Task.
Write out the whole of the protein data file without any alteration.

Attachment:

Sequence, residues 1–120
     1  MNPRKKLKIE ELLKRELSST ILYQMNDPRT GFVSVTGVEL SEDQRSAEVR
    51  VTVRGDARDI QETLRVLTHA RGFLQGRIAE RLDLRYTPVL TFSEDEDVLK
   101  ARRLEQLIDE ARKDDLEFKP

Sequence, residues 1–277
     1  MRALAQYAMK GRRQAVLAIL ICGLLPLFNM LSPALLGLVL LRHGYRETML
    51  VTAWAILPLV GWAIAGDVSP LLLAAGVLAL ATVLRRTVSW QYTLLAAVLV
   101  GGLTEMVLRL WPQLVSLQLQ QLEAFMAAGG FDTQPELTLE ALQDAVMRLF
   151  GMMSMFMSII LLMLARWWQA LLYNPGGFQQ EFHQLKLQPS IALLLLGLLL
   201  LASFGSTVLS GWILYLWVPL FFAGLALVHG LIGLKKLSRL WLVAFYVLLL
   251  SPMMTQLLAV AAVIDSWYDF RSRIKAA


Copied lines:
Sequence, residues 1–120
     1  MNPRKKLKIE ELLKRELSST ILYQMNDPRT GFVSVTGVEL SEDQRSAEVR
    51  VTVRGDARDI QETLRVLTHA RGFLQGRIAE RLDLRYTPVL TFSEDEDVLK
   101  ARRLEQLIDE ARKDDLEFKP

Sequence, residues 1–277
     1  MRALAQYAMK GRRQAVLAIL ICGLLPLFNM LSPALLGLVL LRHGYRETML
    51  VTAWAILPLV GWAIAGDVSP LLLAAGVLAL ATVLRRTVSW QYTLLAAVLV
   101  GGLTEMVLRL WPQLVSLQLQ QLEAFMAAGG FDTQPELTLE ALQDAVMRLF
   151  GMMSMFMSII LLMLARWWQA LLYNPGGFQQ EFHQLKLQPS IALLLLGLLL
   201  LASFGSTVLS GWILYLWVPL FFAGLALVHG LIGLKKLSRL WLVAFYVLLL
   251  SPMMTQLLAV AAVIDSWYDF RSRIKAA